How to Use an Android Device to Write Raspberry Pi SD cards

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Writing an SD card, the first thing you need to do to set up a Raspberry Pi, typically involves a computer, card reader and software such Raspberry Pi Imager. But what happens when you are away from a computer and need to write a new OS for your Raspberry Pi? Well luckily there is a very useful app for Android phones and tablets. 

Raspi SD Card Imager from Mike Redrobe is a tool to write operating system images for use on the Raspberry Pi. It can download and flash from a selection of images, from Raspberry Pi OS, to Ubuntu and RetroPie, all from one handy app.

If you have your own custom images, these can be written to an SD card while you are on the road. Let’s take a look at this application and learn how to write the latest Raspberry Pi OS 32-bit to a microSD card for a spare Raspberry Pi 4.

What You Need

  • Android device
  • Adapters to connect a micro SD card reader
  • Micro SD card
  • Raspberry Pi and accessories

How to Install Raspberry Pi OS with Raspi SD Card Imager

1. On your Android device open the Google Play Store and install Pi SD Card Imager. 

Install the Pi SD Card Imager app from the Google Play Store  (Image credit: Tom’s Hardware)

2. Insert your micro SD card (and reader) into your Android device. If your device has a built-in micro SD card reader, use that.

You will need an adapter to connect your SD card reader.  (Image credit: Tom’s Hardware)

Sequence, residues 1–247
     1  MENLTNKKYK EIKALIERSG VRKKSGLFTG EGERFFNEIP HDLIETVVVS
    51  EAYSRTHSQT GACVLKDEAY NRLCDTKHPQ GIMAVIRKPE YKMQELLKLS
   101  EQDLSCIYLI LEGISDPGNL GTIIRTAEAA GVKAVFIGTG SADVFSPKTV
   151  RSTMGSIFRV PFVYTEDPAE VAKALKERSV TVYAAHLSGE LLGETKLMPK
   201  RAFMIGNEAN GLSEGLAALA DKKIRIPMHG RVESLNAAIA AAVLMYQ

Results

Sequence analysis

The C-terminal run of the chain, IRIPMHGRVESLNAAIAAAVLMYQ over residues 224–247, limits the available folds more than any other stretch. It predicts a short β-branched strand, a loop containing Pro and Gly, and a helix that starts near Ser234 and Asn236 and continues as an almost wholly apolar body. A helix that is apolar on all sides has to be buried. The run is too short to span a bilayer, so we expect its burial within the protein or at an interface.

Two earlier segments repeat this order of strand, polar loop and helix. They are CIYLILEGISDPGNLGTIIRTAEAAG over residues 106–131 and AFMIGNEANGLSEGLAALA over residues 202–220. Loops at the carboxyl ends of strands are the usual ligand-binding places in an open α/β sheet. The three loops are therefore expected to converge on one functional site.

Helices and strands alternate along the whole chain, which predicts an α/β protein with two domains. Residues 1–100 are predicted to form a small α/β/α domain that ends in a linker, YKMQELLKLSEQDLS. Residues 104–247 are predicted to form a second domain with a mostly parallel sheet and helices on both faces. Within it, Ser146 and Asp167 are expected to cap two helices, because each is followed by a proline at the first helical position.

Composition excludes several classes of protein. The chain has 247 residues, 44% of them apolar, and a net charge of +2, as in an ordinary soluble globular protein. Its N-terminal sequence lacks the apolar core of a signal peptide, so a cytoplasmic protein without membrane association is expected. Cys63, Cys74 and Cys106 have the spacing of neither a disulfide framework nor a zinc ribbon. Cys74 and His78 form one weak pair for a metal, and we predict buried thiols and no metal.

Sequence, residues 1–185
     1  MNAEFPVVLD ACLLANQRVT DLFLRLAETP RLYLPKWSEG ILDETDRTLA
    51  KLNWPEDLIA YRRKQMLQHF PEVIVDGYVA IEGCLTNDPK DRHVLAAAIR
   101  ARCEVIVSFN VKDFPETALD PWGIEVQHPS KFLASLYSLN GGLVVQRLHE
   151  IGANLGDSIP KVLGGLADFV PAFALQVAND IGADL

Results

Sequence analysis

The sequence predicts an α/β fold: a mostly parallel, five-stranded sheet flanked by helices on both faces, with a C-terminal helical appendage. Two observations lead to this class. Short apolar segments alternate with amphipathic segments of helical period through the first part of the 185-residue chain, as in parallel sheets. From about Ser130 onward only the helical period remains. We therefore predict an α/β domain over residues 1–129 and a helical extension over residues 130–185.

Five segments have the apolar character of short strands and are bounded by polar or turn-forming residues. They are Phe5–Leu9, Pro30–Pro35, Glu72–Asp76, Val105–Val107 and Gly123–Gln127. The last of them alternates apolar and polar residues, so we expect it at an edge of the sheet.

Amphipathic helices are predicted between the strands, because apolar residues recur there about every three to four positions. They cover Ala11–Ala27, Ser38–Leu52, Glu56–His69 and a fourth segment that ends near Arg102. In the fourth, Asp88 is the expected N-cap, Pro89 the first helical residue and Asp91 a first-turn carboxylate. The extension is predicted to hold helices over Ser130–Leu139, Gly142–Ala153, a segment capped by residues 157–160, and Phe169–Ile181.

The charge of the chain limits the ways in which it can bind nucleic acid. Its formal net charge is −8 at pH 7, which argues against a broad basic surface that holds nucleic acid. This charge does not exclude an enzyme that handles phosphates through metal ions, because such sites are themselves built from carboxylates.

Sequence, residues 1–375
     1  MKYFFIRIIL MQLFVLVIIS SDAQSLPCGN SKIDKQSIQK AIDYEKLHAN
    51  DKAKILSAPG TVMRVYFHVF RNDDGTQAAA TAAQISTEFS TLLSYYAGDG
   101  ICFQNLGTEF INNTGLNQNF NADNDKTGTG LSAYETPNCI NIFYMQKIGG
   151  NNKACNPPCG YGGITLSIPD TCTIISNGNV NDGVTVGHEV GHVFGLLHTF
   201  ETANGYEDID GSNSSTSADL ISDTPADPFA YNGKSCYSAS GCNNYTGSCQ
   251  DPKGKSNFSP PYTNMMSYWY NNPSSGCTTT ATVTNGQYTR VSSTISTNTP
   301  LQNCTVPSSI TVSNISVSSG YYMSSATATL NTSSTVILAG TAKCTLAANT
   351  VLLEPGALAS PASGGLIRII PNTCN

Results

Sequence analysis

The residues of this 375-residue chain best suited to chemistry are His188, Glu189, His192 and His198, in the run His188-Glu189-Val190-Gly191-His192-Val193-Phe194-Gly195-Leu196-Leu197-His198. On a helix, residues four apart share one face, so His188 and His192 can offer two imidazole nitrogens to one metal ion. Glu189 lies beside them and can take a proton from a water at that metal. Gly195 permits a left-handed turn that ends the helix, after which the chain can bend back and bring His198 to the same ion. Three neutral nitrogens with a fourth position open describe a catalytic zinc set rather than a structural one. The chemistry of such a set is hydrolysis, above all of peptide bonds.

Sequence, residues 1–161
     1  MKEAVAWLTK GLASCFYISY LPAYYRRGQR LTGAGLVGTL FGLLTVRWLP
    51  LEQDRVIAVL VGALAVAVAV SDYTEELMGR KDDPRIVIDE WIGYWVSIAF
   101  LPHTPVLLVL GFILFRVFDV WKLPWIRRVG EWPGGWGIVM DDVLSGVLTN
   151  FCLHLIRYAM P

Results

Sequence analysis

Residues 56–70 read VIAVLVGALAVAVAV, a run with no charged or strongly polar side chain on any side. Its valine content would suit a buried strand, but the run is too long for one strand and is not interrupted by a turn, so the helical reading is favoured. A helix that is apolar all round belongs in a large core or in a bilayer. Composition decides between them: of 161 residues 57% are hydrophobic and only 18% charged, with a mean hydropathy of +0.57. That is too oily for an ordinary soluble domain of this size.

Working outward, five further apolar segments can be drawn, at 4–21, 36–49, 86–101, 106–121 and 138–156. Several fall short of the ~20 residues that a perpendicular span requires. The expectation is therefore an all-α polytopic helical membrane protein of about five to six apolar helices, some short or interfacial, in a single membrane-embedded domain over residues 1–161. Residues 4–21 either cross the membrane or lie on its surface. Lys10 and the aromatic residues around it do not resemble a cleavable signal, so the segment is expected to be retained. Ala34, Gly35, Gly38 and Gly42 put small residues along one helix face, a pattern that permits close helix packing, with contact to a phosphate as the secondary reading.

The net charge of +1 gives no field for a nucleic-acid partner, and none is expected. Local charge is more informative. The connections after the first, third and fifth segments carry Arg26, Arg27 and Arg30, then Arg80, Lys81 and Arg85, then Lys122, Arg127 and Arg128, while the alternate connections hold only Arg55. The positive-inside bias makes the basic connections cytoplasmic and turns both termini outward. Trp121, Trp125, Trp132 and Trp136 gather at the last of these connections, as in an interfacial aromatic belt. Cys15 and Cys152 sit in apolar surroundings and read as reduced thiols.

3. Open Raspi SD Card Imager app and press the three dots in the top right of the screen. Select Choose OS and use the filters at the top of the screen to select Pi 4

The top right menu is where we can find the configuration options.  (Image credit: Tom’s Hardware)

4. Choose Raspberry Pi OS (32-bit) (3.2GB). This will download and cache the installation files to your Android device. 

(Image credit: Tom’s Hardware)

5. Select Choose SD or USB via the three dot menu. Select the drive which contains your micro SD card. 

Select your micro SD card, take care to select the correct drive.  (Image credit: Tom’s Hardware)

6.  Click on “Enable SSH for remote login” for out of the box SSH support. 

Enabling SSH means we can remotely control our Pi from another machine.  (Image credit: Tom’s Hardware)

7.  Click on “Write to SD” to start the process. Depending on the Android device, this should take no longer than 10 minutes. 

Writing the card is exceptionally quick with a modern Android device.  (Image credit: Tom’s Hardware)

8. Eject the micro SD card and then insert the micro SD card into your Raspberry Pi.

9. Power up the Raspberry Pi and it will go through the final stages of the install process. Once complete, the Pi will reboot and you will see the Raspberry Pi OS Desktop.

Hat tip to leepspvideo who provided the inspiration for this article.